Antakya, Turkey – “Canlı! Live!” was the most hopeful cry heard on the streets of Antakya since a magnitude 7.8 earthquake sent waves of death and destruction across 10 provinces in southern Turkey as well as parts of Syria a week ago.
The cries of search and rescue teams announcing that they have found someone “alive” send people running from all directions to focus their attention on what seems like a miracle at this point in the disaster response.
Late Saturday, 18-year-old Fadel from Deir Az Zor, Syria, thought he heard his uncle Ahmed still crying for help from beneath the rubble of the Antakya apartment building where he lived on the eighth floor. Fadel said Ahmed called out that he was trapped under the stairs.
The volunteers alerted search and rescue teams, including the Turkish Disaster and Emergency Management Agency, the Istanbul Fire Brigade and volunteer miners and construction workers.
Unfortunately, the team of about 100 people has not yet found Fadel’s uncle. One of them said that it could be “psychological”, that people believe they hear the voices of their loved ones because they want to, and that after five days under the rubble, there is little or no chance that people will be found alive.
Terrible disappointment, then hope
But by 7am (0400 GMT) on Sunday morning, all efforts were focused on trying to free the 16-year-old girl from the basement of a collapsed building next door. Only three of the five floors of the building could be seen, and the bottom two were completely destroyed.
Miners, construction workers and the fire brigade spent hours digging and cutting through the monstrous chunks of cement and twisted rebar to finally discover the girl, a Syrian refugee named Reem, who had somehow survived as she lay trapped next to her sister, who had died.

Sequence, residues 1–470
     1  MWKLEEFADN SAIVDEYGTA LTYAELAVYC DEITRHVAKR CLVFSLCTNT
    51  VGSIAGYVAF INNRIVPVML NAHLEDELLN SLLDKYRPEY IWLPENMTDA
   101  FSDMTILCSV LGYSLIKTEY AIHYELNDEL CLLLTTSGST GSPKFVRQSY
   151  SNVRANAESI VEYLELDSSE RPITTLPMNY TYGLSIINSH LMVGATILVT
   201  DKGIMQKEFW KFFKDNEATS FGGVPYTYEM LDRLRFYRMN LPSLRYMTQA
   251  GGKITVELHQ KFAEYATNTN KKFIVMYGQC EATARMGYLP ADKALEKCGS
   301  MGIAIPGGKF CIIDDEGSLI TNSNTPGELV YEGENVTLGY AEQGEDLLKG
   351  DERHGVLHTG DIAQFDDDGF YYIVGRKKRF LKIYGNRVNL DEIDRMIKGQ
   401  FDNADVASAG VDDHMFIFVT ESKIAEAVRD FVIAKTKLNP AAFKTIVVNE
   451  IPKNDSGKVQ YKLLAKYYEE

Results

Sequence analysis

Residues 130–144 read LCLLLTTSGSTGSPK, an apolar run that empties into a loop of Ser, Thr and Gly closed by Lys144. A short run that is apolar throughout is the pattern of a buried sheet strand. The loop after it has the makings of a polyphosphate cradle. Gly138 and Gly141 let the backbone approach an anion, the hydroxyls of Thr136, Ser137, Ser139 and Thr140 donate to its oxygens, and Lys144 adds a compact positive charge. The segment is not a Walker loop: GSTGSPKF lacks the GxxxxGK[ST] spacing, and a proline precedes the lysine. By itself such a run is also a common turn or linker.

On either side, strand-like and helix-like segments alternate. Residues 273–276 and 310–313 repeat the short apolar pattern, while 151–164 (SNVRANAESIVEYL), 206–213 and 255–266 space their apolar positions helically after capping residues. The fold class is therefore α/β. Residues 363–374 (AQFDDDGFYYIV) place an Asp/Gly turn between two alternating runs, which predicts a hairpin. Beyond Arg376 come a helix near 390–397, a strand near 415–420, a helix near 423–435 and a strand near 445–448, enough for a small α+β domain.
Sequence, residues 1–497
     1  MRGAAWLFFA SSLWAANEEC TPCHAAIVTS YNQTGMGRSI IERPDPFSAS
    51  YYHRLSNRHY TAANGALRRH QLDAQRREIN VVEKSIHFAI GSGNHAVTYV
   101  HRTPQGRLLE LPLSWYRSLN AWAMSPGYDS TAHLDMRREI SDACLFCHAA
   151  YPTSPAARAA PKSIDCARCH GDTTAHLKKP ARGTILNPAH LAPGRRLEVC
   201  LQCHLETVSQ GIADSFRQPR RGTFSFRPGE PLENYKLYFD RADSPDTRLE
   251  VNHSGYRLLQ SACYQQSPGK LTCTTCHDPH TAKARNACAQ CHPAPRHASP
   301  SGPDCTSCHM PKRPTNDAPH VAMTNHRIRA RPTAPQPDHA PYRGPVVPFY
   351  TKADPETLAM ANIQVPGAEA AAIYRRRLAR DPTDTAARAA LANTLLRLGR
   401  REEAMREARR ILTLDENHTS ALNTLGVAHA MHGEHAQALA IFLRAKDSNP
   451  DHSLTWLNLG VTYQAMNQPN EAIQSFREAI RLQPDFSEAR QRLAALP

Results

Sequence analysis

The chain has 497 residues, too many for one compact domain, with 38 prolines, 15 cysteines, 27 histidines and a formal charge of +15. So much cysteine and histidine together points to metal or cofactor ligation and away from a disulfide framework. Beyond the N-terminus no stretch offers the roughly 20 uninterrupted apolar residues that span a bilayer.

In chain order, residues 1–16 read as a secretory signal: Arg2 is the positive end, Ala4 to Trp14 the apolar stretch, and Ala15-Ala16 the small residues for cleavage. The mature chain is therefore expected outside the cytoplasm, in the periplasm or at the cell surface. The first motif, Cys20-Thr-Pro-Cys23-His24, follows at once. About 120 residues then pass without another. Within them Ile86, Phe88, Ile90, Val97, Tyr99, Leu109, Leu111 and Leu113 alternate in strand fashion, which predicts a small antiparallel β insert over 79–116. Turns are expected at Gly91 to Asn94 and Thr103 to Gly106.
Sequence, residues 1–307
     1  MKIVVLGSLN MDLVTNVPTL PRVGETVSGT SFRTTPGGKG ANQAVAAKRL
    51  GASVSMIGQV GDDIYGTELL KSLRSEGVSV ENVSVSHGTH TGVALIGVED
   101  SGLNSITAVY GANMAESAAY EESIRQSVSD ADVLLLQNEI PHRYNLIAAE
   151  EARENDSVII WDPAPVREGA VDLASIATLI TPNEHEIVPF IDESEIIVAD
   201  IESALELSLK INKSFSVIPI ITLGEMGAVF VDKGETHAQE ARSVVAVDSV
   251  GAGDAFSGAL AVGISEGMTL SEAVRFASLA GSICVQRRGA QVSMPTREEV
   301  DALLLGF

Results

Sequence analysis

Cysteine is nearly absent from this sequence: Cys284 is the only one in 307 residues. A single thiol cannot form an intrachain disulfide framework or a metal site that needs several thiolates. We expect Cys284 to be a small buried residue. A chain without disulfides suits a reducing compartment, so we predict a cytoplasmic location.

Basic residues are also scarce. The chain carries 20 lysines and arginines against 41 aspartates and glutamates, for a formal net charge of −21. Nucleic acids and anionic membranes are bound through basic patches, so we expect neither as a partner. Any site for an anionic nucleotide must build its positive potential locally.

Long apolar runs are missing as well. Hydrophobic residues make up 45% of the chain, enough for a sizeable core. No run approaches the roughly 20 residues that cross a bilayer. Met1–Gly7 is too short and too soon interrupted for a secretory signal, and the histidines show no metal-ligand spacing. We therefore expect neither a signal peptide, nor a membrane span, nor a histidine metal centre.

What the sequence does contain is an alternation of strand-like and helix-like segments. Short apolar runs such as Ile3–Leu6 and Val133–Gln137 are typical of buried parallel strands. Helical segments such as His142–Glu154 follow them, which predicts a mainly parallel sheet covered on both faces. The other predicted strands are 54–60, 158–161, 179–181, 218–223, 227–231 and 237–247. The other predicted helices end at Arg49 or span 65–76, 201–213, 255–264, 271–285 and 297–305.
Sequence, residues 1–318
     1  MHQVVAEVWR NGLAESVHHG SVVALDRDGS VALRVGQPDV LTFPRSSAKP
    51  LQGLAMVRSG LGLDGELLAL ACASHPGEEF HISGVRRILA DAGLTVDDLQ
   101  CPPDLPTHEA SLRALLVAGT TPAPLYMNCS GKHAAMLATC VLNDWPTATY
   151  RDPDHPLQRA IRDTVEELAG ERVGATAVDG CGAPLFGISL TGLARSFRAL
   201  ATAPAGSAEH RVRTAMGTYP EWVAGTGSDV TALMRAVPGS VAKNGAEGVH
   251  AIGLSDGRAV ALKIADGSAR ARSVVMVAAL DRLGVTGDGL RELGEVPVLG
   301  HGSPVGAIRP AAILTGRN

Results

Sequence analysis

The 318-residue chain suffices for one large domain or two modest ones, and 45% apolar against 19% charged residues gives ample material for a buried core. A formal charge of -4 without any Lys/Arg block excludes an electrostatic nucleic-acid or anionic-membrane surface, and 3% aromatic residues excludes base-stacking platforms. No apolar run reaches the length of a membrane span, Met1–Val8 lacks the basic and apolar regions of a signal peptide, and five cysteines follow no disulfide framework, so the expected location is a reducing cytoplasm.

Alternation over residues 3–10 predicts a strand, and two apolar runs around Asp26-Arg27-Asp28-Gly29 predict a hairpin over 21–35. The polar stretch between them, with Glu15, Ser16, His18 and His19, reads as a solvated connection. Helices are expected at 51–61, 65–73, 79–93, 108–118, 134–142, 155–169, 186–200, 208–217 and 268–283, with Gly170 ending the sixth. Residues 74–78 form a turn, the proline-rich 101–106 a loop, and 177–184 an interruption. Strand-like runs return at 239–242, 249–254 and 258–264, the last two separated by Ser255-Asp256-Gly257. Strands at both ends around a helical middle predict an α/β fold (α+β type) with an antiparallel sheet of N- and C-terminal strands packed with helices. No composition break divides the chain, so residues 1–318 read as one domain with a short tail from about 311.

Between working to cut around Reem and dislodge the debris from the cavity, the medics occasionally gave her water through a straw, each time coming out to cheer and declare how much she had drunk.
It was her first sip of liquid in over six days.
At some point in the day, the earth began to shake and bounce, and another cry was heard. “An earthquake is coming!” a rescuer shouted, announcing the aftershock, one of hundreds since the first quake on February 6.
Some of us looked up to the top of a neighboring apartment building where a huge piece of roof with a satellite dish still attached was balancing precariously on the corner. We all hoped it wouldn’t fall and crush us.
One of the volunteers on the spot pointed out that there was a body right under our feet, which they had found using a machine that checks for heat, sound and vibration, but since that person had died, the priority was currently on the girl who was still alive.